The Bronx is built on second chances. And third chances and fourth chances and fifth chances. You get as many as you have fingers and toes. As many as you can stomach. As many as you need.
You don’t run out of chances until you run out of breath and Carl Pavano was breathing fine in his second start of the spring. That makes the Bronx smile no matter what they are saying or writing or blogging in the rest of the world.
They don’t joke about chances around here. Pavano is certainly more Southern Connecticut than South Bronx, but the neighborhood is open to everyone.
Pavano is often discussed over coffee and donuts at the Crown Diner.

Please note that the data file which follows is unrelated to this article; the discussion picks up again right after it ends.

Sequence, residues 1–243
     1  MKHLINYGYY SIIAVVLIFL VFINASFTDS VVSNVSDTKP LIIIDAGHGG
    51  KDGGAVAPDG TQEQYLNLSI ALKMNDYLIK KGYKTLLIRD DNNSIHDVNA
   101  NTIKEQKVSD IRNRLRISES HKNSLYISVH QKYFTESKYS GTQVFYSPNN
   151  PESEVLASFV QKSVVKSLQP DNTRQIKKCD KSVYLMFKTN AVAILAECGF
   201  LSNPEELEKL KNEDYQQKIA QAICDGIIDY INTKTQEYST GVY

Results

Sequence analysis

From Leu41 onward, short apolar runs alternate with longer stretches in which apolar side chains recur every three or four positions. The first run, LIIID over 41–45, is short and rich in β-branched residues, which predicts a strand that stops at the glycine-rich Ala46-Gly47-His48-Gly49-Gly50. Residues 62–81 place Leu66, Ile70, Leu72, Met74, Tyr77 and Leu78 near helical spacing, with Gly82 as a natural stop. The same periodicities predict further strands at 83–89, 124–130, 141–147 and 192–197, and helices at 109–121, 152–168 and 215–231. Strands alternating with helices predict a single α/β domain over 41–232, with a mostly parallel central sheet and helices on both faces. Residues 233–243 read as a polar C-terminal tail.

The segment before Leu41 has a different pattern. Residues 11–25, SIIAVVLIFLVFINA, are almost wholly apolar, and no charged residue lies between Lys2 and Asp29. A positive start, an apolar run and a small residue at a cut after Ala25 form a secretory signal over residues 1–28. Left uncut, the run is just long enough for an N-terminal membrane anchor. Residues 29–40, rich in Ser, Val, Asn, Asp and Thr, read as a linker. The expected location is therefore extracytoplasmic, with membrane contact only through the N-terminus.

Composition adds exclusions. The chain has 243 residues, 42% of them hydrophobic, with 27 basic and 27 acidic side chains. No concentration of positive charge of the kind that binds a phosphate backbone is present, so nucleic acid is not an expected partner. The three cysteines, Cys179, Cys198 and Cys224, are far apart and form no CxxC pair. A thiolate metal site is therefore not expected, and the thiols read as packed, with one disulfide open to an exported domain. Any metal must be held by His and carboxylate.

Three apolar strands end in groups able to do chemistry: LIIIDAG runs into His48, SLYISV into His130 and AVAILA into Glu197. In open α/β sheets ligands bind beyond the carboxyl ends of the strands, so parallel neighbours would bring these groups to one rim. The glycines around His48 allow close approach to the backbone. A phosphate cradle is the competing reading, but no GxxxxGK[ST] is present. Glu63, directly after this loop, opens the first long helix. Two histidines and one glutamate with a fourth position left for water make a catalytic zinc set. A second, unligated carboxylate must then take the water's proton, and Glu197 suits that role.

“I was excited when we got the kid,” Javier explains. “So he’s been banged up and had some troubles, who hasn’t? I hope he comes back and shuts ‘em up.”
Pavano has a chance to put the injuries and jokes behind him.
“We need him to be big for us,” Javier says. “There ain’t any hard feelings because people like us got no time for hard feelings. We need him to be good and if he ain’t, we need him to come back the next time and be good. He’s just gotta keep at it.”
Baseball in New York has nothing to do with Midtown or the media or the money. It’s about the chance to do something in front of people who know how tough it can be.
“Nothing’s easy,” Javier says. “If big-league pitchin’ was as simple as some people think, I’d be in the rotation instead driving a cab.”
Pavano’s chances are better.
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